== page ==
Fujifilm has managed to concentrate all the goodness of a small compact camera on a rather conventional appearance. And, despite being a compact high-end, its appearance is no different than any other compact. Maybe it’s a camera too discreet to highlight on a shelf among the fierce competition in its niche.
Leaving aside those fears, the XQ2 is a tiny 12-megapixel compact camera with a big X-Trans CMOS II 2.3 sensor and a 6.4-25.6mm Fujinon optical lens (equivalent in 35mm to a 25-100mm) with a 4X optical zoom and excellent brightness of f/1.8-4.9. Given its size, these are important figures and, thanks to the EXR II processor, the overall performance is very good.
The Fujifilm X-T1, presented in early 2014, is one of the mirrorless cameras with more power in the market. Among its most notable features were the rapid viewfinder that put it to compete in high-speed photography categories, in addition to its dials that allow you to control quickly and easily all the exposure features. This year, Fujifilm has a camera with the same power in a more compact and simplified body for entry users: the X-T10.
As reported by DPReview, the X-T10 has the same APSC X-Trans sensor of 16 Megapixel, the company’s flagship, with an EXR II processor and also has an OLED viewfinder 2.36 million points and a foldable LCD 3-inch screen. The new body simplifies the different dials of the X-T1 putting only three discs on top: Capture modes (left) and speed dials of shooting and exhibition (right). Furthermore, for entry-level photographers, the speed dial has a lever that automatically adjusts the exposure speed.
The camera is able to burst shoot at 8 frames per second. It also has a group of 77 AF points that can be programmed to cover areas in 3 × 3, 3 × 5, or 5 × 5 point areas for high speed shooting in tracking mode. It has a timelapse mode up to 999 pictures at intervals of one second to 24 hours. Its video function can record 1080P at 60 frames per second and has Wi-Fi connectivity that allows you to use your phone or tablet as a remote control.
We contacted the representatives of Fujifilm Colombia, who informed us that the camera will arrive to the country in late June. The basic combo will include a XC lens 16-50mm F: 3.5-5.6, and body, and will cost about 900 dollars.
Fujifilm has announced the availability of a firmware update is for the Fujifilm X-T1 model. The main novelty is that it includes a new AF system that allows capturing subjects that are in motion effortlessly. The new version, the 4.0, will be available for download on the brand’s official website in late June this year. It’s free.
This update, which is also for the model Fujifilm X-T1 Graphite Silver Edition, includes a new main AF system with improved performance and area modes, as well as a wide angle and tracking feature to capture people that are moving without difficulty.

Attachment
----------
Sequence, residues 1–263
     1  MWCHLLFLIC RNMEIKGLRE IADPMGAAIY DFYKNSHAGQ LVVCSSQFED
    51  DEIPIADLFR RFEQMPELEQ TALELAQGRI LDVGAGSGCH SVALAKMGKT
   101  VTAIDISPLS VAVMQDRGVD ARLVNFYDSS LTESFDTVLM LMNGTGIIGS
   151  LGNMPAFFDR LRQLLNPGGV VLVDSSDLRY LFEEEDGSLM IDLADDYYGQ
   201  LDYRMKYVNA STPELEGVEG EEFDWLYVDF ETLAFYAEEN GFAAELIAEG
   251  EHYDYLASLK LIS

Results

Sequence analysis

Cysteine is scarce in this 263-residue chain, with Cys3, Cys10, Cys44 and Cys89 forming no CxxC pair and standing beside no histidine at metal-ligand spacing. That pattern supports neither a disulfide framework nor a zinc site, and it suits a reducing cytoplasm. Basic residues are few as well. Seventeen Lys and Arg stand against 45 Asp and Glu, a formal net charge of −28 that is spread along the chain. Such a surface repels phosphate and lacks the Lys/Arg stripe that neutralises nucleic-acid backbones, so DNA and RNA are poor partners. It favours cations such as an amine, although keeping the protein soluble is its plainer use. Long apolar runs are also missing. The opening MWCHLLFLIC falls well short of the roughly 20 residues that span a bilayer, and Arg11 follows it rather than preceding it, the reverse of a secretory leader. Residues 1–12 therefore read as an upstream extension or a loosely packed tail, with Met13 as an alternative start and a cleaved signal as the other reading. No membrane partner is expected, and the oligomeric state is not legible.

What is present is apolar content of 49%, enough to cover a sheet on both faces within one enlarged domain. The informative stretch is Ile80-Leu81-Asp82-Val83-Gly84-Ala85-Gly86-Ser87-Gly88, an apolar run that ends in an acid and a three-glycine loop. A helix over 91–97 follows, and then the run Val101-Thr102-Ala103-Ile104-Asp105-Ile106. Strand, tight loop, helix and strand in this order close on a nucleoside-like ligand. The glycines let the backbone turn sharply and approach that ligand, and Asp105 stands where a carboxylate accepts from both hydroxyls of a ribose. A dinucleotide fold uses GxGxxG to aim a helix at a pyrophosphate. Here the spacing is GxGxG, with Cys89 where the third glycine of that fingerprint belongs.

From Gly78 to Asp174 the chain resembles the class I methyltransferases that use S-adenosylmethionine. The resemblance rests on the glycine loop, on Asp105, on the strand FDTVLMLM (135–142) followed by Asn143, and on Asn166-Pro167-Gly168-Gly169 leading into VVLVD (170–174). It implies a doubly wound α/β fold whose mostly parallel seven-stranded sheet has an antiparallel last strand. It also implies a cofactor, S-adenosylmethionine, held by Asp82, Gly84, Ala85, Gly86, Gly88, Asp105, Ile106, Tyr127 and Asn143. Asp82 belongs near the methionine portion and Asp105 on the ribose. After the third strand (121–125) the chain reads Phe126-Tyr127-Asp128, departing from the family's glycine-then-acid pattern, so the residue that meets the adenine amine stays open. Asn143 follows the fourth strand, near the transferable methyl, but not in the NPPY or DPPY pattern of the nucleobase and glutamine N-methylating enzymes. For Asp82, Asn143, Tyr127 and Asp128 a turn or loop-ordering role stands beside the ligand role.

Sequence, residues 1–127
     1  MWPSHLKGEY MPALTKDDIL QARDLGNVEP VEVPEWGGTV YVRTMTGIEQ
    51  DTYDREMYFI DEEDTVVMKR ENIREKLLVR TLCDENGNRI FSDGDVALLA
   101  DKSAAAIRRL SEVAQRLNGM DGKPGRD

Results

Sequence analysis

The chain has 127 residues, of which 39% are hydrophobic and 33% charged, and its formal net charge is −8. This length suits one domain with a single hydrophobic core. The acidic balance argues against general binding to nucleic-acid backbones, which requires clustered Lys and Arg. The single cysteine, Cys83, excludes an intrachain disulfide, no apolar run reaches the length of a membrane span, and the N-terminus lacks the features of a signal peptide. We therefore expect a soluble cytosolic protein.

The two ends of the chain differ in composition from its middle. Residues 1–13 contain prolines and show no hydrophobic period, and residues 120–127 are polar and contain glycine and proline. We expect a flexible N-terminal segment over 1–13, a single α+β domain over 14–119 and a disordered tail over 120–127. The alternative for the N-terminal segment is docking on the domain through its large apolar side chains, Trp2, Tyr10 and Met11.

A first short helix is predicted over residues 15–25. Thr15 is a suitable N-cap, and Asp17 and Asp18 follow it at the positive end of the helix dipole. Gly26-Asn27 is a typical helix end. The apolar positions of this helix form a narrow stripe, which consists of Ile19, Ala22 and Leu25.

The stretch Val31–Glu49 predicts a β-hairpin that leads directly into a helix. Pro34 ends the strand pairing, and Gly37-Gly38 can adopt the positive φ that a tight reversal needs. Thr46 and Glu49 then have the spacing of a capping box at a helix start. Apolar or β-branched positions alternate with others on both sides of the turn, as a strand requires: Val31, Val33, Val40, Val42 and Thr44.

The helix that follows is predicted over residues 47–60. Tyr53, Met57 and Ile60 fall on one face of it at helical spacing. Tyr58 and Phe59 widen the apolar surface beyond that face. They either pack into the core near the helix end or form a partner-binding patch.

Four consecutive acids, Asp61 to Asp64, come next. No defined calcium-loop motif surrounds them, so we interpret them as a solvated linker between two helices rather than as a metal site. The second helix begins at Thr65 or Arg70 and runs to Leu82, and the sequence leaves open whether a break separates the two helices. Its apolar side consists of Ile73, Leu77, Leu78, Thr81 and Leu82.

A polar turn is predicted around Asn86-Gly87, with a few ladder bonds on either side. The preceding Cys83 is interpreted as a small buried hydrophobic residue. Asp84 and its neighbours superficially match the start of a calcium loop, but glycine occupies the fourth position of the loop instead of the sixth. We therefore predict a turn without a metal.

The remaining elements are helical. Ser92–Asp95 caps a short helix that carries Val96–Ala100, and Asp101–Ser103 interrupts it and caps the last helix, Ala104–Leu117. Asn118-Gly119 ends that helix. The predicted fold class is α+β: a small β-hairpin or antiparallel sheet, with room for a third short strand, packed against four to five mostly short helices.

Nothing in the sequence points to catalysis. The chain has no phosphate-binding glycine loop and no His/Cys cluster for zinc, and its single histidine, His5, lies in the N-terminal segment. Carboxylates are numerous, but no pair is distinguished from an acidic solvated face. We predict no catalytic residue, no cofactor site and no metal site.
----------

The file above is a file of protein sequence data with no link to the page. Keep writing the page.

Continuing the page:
Even though the quality of Fujinon’s lenses is superb, many of us would like to see other companies seriously consider the X Series a system to work on and make more affordable lenses available. Though we’ve already seen interesting manual lenses from other companies like Samyang, the best news would be to see the two main "third parties" for reflex cameras, Tamron and Sigma, stepping into the Fujifilm universe.
We learned through Fujirumors of a video interview of Kazuto Yamaki, CEO of Sigma, conducted by the Italian website fotografia.it. In the fifty-minute long interview, Yamaki discussed his production philosophy, technological advances in optical manufacturing, and future product launches of lenses. On this last point he let slip that, despite centering his production line on objectives for reflex cameras, he has a great interest in mirrorless cameras, even though the development of new lenses would require lots of time and despite the limited resources his company has available. For that reason he’s expressed the importance of demarcating his target audience: the amateur photograph with experience who needs a mid-range product. With all surety, Fujifilm’s X Series could fit very nicely in the Japanese company’s expansion plans, now that the horde of Fujifilm photographers is much more visible.
Admiringlight’s guys are thoroughly working on the coverage of Fujifilm’s stand at Photokina, and today they have interviewed Torben Hondong, Fujifilm Germany’s manager, who has answered some of the many key questions on the Fujifilm lovers’minds:
Stabilization in the XF Fujinon F2.8 16-55mm
It is a matter of size. According to the Germanic corporative, the Fujinon XF 16-55mm F2.8 optical stabilizer fell down from the final design because it would have as result a longer, broader and heavier lens. They considered that the lens would work successfully without stabilization.
Big size of the new lenses
Dimensions of some of the coming objectives foreseen on route sheets are not precisely restrained. The most catching in this sense is the XF 90mm F2, a “big-headed” lens considering its focal and opening. Torben Hondong has stated that future lenses exposed at Photokina are only “prototypes” that might not be correspondent with the final design which can be smaller. He highlights as well that the size of the lenses is justified with the search of the optimum image, an idea usually repeated by Fujifilm speakers.